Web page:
The results of the EBA’s first climate risk-mapping pilot for banks are finally with us. At a high-level (and among others), these include:
- that more than half of banks’ exposures (58% of total non-SME corporate exposures to EU obligors – equating to ~EUR 1.36 trillion) are allocated to sectors that might be sensitive to transition risk (e.g. fossil fuels; utility; transportation; agriculture etc.);
- a first gauge of the ‘green asset ratio’ at an EU aggregated figure of ~7.9%. Stepping back, such measures might seem rather vacant at present, but could be turned into powerful tools down the line that pressure banks to reconsider the costs/benefits to financing certain types of business (e.g. if sustainable investors in the future choose to shun banks reporting lower ratios etc. - i.e. for effectively funding too high a proportion of ‘brown’ over ‘green’ assets);
- the key challenge (that is 'heard' across the financial industry – i.e. not limited to banks), being the general lack of available client data (which, where available, isn't always standardised nor necessarily reliable). To put this into context, the report claims that 80% of the banks involved in this pilot considered that the ability of their clients to provide Taxonomy-based information in 2022 is below 30%.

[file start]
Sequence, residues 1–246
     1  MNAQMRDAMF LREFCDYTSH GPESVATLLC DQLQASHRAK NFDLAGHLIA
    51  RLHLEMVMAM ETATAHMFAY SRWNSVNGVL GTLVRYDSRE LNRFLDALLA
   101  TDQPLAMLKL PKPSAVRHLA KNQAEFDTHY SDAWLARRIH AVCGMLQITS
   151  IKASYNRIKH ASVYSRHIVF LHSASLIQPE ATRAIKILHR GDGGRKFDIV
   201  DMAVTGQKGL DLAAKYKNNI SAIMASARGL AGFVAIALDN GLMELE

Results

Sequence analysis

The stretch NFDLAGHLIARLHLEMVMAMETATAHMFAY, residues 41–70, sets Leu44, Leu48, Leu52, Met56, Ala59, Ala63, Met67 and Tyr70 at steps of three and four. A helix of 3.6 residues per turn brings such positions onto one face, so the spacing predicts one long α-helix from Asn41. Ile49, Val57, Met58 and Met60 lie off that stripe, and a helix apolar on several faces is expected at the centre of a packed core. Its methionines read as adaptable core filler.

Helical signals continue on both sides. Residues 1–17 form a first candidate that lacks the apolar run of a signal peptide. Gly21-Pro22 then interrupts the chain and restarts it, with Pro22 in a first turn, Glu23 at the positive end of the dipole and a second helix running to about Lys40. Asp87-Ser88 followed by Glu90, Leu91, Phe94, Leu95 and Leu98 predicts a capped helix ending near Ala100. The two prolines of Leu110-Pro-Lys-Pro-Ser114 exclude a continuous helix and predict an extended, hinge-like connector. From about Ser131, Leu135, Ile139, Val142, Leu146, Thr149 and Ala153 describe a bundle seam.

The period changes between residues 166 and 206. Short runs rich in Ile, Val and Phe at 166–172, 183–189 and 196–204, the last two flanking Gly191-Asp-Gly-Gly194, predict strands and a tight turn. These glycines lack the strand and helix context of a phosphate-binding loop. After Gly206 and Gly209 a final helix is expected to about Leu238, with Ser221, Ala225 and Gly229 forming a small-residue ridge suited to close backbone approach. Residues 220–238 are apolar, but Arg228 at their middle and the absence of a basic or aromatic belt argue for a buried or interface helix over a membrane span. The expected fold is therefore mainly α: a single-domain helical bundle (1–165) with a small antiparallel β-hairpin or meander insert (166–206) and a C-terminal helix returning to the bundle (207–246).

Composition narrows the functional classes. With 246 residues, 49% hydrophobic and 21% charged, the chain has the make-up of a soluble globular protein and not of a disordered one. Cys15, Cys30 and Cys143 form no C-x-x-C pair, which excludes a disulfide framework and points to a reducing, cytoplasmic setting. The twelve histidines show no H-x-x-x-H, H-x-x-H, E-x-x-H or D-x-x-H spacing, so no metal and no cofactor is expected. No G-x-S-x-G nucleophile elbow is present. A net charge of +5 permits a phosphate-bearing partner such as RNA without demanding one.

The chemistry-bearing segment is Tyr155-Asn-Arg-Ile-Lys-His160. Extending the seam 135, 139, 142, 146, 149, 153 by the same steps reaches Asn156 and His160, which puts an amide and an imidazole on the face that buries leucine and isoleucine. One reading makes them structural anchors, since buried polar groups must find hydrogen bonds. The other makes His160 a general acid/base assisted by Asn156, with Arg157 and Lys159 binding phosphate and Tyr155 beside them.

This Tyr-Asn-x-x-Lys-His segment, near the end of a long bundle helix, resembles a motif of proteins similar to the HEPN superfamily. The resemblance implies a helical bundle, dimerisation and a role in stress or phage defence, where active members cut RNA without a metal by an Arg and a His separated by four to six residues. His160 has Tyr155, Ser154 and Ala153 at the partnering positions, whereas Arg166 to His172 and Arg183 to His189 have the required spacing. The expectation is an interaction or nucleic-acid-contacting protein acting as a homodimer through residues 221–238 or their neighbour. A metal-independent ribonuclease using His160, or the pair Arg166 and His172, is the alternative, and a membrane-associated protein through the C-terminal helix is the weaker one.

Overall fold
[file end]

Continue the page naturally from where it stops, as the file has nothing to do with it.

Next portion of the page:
As regards next steps – the EBA plans to use the results and experiences from this pilot to feed into a wider discussion concerning the design of a climate risk stress test for the EU’s banking sector.
Overall - whilst the ‘green’ movement specific to banks remains in relatively primitive stages from an EU (and even more so, UK) regulatory perspective (absent certain pockets already caught e.g. by EU SFDR where engaging in activities such as portfolio management, investment advice etc.) – there is no question that banks should be placing this topic high on their agendas and asking themselves a host of questions, both inwards-looking (e.g. from a prudential perspective – to understand their exposures to climate risks; transition risks etc.) and outwards-looking (e.g. calibrating their appetite and ability to channel increasing levels of capital towards environmentally sustainable activities etc.).
A financial system that is sound and resilient to climate change related risks is key in facilitating a smooth transition to a low-carbon economy and mitigating the potentially disruptive impacts of environmental risks. Even though these risks may represent a long-term threat for financial stability, they are already starting to crystallise and could significantly increase in the short and medium term if no action is taken…